Joe Francis Representing Himself in Federal Court in Florida

Mar 30, 2011, 05:10 ET from GGW Direct LLC

PANAMA CITY, Fla., March 30, 2011 /PRNewswire/ -- Girls Gone Wild founder Joe Francis, facing the same judge in Panama City, Florida, who first sent him to jail back in 2007, is vigorously defending himself in Federal Court and, to say the least, things are getting wild. Not since Larry Flynt's outburst in the Supreme Court have we seen such fireworks in a courtroom.

Francis came face to face in court with the first of the four women suing him in a civil case dating back to 2002. The women, identified only by their first initials, allege they were unwillingly filmed underage for a GGW video. But the videos, which the jury may now never see, paint a very different picture of the troubled young women on the stand.

"Plaintiff B" claims she had never heard of GGW videos prior to her appearance and testified her life spiraled out of control since she appeared in a GGW video. Teary eyed, she says she had to drop out of college, move place to place to avoid being recognized, hasn't been able to hold down a job, and has been hospitalized repeatedly for weeks at a time. She even alleged her father died of a heart attack after he learned of her participation in a GGW video, but then addressed Francis directly by saying "I never said Girls Gone Wild killed my father."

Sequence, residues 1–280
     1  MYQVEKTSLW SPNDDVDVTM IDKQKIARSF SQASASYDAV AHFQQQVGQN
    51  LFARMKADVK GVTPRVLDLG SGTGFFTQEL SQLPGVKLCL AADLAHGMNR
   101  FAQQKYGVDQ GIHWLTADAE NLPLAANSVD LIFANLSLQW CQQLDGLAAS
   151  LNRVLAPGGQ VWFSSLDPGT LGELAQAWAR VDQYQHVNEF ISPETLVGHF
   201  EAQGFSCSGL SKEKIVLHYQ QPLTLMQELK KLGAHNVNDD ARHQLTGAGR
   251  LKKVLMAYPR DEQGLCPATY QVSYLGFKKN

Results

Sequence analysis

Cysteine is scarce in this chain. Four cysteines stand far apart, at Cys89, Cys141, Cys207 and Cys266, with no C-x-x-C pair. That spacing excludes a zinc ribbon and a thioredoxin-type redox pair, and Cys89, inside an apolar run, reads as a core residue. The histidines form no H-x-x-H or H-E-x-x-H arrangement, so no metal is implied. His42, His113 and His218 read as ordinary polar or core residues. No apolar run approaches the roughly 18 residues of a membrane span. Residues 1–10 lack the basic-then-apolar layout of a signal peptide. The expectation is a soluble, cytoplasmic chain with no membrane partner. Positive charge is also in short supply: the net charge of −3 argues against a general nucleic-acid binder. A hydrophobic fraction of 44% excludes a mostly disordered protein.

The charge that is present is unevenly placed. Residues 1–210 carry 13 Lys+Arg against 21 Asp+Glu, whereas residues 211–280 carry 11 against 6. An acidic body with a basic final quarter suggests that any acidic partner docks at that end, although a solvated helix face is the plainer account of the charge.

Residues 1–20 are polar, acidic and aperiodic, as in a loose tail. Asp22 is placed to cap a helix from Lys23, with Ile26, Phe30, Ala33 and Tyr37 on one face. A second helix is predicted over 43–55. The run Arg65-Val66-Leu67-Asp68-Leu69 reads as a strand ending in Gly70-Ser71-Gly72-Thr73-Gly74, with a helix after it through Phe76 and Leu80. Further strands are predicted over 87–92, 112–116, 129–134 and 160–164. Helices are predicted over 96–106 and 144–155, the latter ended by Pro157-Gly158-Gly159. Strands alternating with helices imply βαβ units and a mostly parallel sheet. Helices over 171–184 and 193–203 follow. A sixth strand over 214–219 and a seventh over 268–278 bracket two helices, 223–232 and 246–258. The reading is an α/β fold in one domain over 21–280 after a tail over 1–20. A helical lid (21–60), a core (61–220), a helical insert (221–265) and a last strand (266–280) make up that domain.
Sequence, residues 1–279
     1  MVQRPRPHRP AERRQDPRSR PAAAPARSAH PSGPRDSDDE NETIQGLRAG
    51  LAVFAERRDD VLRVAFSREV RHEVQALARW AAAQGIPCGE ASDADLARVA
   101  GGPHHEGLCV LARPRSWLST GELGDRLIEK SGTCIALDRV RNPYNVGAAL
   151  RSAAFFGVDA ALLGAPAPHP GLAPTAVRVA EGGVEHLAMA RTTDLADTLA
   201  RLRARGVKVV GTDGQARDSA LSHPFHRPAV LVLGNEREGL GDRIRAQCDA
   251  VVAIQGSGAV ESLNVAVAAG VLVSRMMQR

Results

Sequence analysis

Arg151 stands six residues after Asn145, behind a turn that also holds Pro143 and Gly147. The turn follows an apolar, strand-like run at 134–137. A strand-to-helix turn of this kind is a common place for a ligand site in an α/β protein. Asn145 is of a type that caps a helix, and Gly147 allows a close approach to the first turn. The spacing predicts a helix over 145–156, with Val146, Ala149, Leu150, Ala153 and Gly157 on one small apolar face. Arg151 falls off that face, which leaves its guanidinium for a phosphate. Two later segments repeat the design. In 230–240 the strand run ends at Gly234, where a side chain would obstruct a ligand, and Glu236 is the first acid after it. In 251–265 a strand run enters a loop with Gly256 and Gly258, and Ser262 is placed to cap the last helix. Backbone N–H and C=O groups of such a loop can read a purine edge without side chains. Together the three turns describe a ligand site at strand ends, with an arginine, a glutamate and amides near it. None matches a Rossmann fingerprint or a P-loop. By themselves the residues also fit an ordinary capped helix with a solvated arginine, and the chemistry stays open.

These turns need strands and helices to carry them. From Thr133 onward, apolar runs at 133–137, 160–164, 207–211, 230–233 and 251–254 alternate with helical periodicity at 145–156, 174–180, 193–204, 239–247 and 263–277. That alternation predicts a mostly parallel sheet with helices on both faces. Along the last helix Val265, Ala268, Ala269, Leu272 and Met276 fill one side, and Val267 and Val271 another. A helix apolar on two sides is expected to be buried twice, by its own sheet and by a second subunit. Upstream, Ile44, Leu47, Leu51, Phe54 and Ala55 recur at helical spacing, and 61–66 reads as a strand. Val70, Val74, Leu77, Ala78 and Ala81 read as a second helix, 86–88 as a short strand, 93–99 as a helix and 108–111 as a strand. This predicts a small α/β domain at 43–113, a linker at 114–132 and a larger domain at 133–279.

In a heated cross-examination, Francis surprised the courtroom by getting "Plaintiff B" to admit she had been paid in the past to appear on camera. Under oath, Plaintiff B — a self-admitted geometry scholar — couldn't answer Francis' basic question as to what a right triangle was.

The deck appears stacked against Francis, as the judge denied Francis' right to show the jury a damaging video of "Plaintiff B" willingly participating in a GGW video. The judge, who has battled with Francis since the onset of this case, has ordered Francis not to ask the women about their ages at the time of the incident or whether they willingly signed waivers claiming they were 18.

So how does Francis — who needs to convince a jury of 8 women — get a fair shot at justice?  "I respect this judge, I have trust in this jury, and I have a particular fondness for Lady Justice.”